vector<int> AbstractTask::convert_state_values(...) const {
      // Part A
      if (ancestor_task == this)
          return ancestor_state_values;

      // Part B
      vector<int> parent_state_values =

      return do_conversion_from_parent(parent_state_values);

Part A is common to all tasks, but part B only occurs in delegating tasks
(AbstractTask and RootTask have no member "parent").

Should we do the template method in DelegatingTask instead of Abstract Task?
This would still duplicate part A once (for RootTask). The disadvantage would be
that convert_state_values still would have to be virtual then so it can have a
different implementation for RootTask.

As an alternative, we could only put part A into the template method, repeating
part B in every delegating task.

I guess we could also use a template method in abstract task that calls another
template method but this seems too complicated.
msg5335 (view) Author: florian Date: 2016-05-11.13:49:36
This may be caused by the wrong base revision. I'll re-run the experiment with
the correct one to check this. Jendrik also said to use max_states=10000 to make
the CEGAR configs less noisy.
msg5333 (view) Author: malte Date: 2016-05-11.13:43:00
Why does LM-Cut become faster? Random noise? Unrelated differences in the code?

We should also test non-optimal configurations. If the numbers (for the right
revisions) are similar to the way they are for the optimal ones, I'm not worried
about merging this. I hope we can repair the performance impact later.
msg5332 (view) Author: florian Date: 2016-05-11.12:33:54
Thanks. I ran an experiment after the change we did in the meeting. I noticed
too late that the base revision is still the the one where the branch started,
not the latest commit on the default branch that was merged into the branch. So
if there where significant changes on the default branch in the meantime, they
might show up in the experiment. I suggest I run a larger experiment before we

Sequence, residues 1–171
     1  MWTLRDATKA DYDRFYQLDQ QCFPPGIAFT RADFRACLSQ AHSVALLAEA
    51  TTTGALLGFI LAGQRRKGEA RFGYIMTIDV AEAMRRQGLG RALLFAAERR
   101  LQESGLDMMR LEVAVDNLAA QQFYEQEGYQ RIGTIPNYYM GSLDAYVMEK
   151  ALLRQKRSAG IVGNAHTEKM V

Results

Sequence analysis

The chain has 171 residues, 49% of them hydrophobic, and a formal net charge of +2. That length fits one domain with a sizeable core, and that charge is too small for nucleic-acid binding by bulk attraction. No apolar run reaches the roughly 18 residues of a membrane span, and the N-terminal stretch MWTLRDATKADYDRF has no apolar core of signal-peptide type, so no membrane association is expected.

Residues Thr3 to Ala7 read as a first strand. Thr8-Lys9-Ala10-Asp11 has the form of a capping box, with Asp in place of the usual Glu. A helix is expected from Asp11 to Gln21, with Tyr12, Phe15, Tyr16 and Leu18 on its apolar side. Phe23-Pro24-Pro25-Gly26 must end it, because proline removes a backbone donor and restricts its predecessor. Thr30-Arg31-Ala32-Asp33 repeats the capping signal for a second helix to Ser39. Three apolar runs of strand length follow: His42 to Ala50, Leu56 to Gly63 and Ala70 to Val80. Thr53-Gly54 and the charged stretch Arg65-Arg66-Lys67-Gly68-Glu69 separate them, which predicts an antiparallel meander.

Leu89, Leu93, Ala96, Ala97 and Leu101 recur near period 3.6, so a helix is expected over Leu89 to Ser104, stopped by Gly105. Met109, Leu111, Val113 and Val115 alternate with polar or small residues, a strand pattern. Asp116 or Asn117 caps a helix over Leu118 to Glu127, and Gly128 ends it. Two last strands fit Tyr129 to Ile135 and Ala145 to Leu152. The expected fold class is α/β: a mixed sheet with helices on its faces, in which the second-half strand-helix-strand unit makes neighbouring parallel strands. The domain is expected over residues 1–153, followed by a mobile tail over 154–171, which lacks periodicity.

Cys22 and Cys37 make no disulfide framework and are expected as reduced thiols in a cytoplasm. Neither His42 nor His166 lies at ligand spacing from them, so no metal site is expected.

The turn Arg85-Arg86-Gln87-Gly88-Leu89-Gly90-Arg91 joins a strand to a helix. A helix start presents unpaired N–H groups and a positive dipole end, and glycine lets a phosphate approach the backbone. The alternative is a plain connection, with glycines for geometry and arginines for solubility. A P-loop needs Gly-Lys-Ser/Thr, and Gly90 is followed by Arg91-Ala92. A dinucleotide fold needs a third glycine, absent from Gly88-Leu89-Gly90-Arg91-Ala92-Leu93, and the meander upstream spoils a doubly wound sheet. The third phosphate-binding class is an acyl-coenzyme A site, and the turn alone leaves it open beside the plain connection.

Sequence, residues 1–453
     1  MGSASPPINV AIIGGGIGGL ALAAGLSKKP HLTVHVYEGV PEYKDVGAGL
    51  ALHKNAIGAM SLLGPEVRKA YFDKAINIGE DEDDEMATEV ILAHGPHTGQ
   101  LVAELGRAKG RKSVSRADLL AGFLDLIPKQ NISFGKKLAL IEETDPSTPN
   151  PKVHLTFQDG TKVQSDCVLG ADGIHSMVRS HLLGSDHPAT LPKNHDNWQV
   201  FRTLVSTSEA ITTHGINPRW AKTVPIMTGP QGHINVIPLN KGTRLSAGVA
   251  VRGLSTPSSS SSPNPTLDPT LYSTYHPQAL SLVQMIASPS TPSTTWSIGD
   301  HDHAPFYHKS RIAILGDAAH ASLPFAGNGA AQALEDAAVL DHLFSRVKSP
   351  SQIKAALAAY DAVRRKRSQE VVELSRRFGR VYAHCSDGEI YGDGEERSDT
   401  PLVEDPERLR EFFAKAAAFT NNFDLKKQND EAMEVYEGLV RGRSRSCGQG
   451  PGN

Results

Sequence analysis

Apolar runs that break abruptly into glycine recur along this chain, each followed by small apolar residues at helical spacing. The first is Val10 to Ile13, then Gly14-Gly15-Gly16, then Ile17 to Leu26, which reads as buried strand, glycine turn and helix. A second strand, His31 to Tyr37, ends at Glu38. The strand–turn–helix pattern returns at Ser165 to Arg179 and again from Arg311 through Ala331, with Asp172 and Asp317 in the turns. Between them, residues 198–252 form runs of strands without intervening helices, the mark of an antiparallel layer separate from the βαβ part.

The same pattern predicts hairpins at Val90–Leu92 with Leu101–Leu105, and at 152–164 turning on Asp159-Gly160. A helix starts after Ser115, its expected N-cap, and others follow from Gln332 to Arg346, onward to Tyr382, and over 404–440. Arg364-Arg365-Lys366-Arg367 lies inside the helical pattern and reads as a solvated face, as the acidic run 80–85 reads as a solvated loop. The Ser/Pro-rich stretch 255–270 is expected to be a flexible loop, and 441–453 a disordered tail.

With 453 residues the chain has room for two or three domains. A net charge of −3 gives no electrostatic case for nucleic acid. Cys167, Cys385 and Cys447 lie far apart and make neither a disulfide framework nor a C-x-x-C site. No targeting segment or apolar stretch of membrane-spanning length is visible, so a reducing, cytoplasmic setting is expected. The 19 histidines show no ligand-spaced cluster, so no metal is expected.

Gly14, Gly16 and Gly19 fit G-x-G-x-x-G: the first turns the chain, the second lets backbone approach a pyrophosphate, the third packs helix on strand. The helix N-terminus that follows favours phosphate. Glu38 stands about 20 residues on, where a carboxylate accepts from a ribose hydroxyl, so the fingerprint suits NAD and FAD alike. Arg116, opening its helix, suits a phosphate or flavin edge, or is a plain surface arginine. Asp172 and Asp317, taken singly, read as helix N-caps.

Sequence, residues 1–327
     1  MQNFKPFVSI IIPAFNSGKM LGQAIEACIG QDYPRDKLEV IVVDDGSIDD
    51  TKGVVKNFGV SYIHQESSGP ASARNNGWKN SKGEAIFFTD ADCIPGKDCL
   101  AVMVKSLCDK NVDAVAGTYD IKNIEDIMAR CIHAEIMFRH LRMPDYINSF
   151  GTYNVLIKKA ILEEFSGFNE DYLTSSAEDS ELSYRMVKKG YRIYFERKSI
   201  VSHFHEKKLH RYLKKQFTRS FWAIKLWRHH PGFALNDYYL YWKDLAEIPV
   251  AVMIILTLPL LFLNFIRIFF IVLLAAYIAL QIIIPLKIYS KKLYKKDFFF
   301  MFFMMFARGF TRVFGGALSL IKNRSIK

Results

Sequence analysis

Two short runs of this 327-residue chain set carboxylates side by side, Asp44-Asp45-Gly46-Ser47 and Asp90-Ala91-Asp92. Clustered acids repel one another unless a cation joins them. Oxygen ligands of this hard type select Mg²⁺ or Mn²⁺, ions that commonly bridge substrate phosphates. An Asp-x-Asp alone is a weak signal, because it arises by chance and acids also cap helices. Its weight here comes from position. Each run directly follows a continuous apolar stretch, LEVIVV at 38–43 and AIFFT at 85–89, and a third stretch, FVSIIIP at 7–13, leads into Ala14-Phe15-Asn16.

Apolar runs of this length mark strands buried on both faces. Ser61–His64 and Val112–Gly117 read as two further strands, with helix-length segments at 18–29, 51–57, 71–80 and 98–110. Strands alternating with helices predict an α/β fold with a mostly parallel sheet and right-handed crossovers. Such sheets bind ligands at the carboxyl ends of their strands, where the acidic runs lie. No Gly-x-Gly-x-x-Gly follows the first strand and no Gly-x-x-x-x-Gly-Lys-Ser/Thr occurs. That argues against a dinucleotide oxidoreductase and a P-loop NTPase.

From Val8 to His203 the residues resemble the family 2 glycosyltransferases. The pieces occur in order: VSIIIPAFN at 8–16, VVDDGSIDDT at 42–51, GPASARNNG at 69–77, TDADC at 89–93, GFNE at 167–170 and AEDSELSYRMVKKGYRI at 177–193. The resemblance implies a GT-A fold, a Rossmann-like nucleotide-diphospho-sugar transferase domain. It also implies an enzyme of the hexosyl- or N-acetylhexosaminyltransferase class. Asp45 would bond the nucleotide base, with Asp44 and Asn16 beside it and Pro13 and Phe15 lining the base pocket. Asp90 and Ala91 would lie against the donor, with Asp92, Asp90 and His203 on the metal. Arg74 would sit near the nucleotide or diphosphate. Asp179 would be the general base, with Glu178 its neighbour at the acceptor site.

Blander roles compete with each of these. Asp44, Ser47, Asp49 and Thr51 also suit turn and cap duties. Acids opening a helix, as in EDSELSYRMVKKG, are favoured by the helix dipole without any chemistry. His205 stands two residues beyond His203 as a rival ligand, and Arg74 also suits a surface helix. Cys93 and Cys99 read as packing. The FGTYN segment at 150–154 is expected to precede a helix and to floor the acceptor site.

merge, but for now, this should be sufficient (we wanted to experiment with a
different version before merging).

Memory seem to be affected only by a constant (maybe the code size changed).
Most memory plots look like this:
The memory plots for CEGAR are the exception to this but they look good as well:

Total time is affected negatively, probably because of the additional overhead
when translating states from the search to states for the heuristic. With blind
search, this overhead is below 20% and in most cases below 10%:
For LM-cut and iPDB, we get the same effect.

Again CEGAR is the exception:

Full report:
msg5280 (view) Author: malte Date: 2016-04-25.18:07:46
I made some comments.
msg5278 (view) Author: florian Date: 2016-04-25.15:59:16
I updated the pull request (merging in the current default branch):

Malte, do you have time to look at the non-CEGAR parts of this change?
msg5175 (view) Author: florian Date: 2016-02-09.14:41:46
Profiling showed that the additional benefit we get in the other config comes
from not using the evaluation context. I'm not quite sure why this has so much
more effect on the config with subtasks than on the config without subtasks. The
heuristic lookup within the evaluation context plays some role, but in the
profile this was responsible for only 15% of the time.

Jendrik and I thought about where copies of are created when transforming State
objects from one task to another. We are not quite sure if the current code
avoids all unnecessary copies, but it seems to work ok. We think that we can
leave optimizing this for a later issue.